# Factor Analysis in Python

Factor analysis is a dimensionality reduction technique commonly used in statistics. FA is similar to principal component analysis. The difference are highly technical but include the fact the FA does not have an orthogonal decomposition and FA assumes that there are latent variables and that are influencing the observed variables in the model. For FA the goal is the explanation of the covariance among the observed variables present.  Our purpose here will be to use the BioChemist dataset from the pydataset module and perform a FA that creates two components. This dataset has data on the people completing PhDs and their mentors. We will also create a visual of our two-factor solution. Below is some initial code.

```import pandas as pd
from pydataset import data
from sklearn.decomposition import FactorAnalysis
import matplotlib.pyplot as plt```

We now need to prepare the dataset. The code is below

```df = data('bioChemists')
df=df.iloc[1:250]
X=df[['art','kid5','phd','ment']]```

In the code above, we did the following

1. The first line creates our dataframe called “df” and is made up of the dataset bioChemist
2. The second line reduces the df to 250 rows. This is done for the visual that we will make. To take the whole dataset and graph it would make a giant blob of color that would be hard to interpret.
3. The last line pulls the variables we want to use for our analysis. The meaning of these variables can be found by typing data(“bioChemists”,show_doc=True)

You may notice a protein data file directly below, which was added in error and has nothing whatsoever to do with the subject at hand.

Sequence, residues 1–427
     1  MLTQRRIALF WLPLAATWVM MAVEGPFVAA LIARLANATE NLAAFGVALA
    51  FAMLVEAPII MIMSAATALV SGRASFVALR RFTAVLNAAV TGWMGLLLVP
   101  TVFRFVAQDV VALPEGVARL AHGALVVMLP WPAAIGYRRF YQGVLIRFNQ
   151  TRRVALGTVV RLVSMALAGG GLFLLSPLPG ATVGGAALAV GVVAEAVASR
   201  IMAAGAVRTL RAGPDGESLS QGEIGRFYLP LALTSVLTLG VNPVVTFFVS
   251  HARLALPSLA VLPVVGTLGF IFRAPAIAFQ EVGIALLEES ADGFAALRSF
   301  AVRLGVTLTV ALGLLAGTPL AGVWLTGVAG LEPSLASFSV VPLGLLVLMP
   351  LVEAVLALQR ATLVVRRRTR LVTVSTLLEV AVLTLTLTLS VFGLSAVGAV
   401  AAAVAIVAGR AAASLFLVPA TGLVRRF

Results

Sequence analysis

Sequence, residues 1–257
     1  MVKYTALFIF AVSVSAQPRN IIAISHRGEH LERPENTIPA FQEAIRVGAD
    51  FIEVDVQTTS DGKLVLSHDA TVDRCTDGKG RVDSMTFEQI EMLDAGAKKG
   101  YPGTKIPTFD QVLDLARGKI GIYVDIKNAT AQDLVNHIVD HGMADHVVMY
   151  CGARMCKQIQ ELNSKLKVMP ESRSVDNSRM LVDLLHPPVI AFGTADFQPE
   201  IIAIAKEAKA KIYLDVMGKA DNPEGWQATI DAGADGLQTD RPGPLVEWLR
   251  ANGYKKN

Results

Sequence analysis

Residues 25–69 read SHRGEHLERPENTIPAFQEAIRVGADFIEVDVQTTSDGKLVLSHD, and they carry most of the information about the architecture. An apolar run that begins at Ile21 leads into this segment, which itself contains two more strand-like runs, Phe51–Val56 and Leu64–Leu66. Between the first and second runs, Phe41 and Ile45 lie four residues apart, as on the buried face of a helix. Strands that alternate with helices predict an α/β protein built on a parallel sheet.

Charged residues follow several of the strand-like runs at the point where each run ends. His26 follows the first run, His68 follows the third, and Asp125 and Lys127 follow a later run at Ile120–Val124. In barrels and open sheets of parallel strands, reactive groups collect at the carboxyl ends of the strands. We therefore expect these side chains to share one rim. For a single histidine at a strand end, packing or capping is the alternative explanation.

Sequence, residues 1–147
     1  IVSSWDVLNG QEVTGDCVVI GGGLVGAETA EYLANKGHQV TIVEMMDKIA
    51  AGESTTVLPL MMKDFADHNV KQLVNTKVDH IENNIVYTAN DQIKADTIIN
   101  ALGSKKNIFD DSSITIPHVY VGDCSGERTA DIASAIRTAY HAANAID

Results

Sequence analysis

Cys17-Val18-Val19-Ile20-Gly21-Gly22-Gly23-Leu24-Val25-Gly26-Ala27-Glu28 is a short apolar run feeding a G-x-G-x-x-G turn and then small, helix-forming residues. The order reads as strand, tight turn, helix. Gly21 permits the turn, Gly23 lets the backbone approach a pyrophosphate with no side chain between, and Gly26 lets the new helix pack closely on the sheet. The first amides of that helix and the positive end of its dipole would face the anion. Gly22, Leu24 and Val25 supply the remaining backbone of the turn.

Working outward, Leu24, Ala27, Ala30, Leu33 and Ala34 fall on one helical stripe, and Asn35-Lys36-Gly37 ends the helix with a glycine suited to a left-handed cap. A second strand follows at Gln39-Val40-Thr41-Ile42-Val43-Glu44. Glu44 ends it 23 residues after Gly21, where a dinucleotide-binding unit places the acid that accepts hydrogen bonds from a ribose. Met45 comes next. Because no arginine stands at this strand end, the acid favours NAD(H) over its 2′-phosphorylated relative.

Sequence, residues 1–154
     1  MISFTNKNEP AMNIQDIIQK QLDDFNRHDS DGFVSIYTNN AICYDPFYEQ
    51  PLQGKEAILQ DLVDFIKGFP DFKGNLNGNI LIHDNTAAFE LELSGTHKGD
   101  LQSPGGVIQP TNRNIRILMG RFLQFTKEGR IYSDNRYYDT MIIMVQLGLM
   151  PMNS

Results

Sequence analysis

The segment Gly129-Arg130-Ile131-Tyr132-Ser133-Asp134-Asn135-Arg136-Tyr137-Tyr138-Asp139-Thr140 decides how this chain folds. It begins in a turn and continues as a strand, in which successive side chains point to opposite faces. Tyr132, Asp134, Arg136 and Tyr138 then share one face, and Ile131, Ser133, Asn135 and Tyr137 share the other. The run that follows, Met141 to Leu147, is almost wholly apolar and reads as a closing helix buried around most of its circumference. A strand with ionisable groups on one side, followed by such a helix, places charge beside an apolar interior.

In the code below we need to set the number of factors we want and then run the model.

```fact_2c=FactorAnalysis(n_components=2)
X_factor=fact_2c.fit_transform(X)```

The first line tells Python how many factors we want. The second line takes this information along with or revised dataset X to create the actual factors that we want. We can now make our visualization

To make the visualization requires several steps. We want to identify how well the two components separate students who are married from students who are not married. First, we need to make a dictionary that can be used to convert the single or married status to a number. Below is the code.

```thisdict = {
"Single": "1",
"Married": "2",}```

Now we are ready to make our plot. The code is below. Pay close attention to the ‘c’ argument as it uses our dictionary.

`plt.scatter(X_factor[:,0],X_factor[:,1],c=df.mar.map(thisdict),alpha=.8,edgecolors='none')` You can perhaps tell why we created the dictionary now. By mapping the dictionary to the mar variable it automatically changed every single and married entry in the df dataset to a 1 or 2. The c argument needs a number in order to set a color and this is what the dictionary was able to supply it with.

You can see that two factors do not do a good job of separating the people by their marital status. Additional factors may be useful but after two factors it becomes impossible to visualize them.

Conclusion

This post provided an example of factor analysis in Python. Here the focus was primarily on visualization but there are so many other ways in which factor analysis can be deployed.

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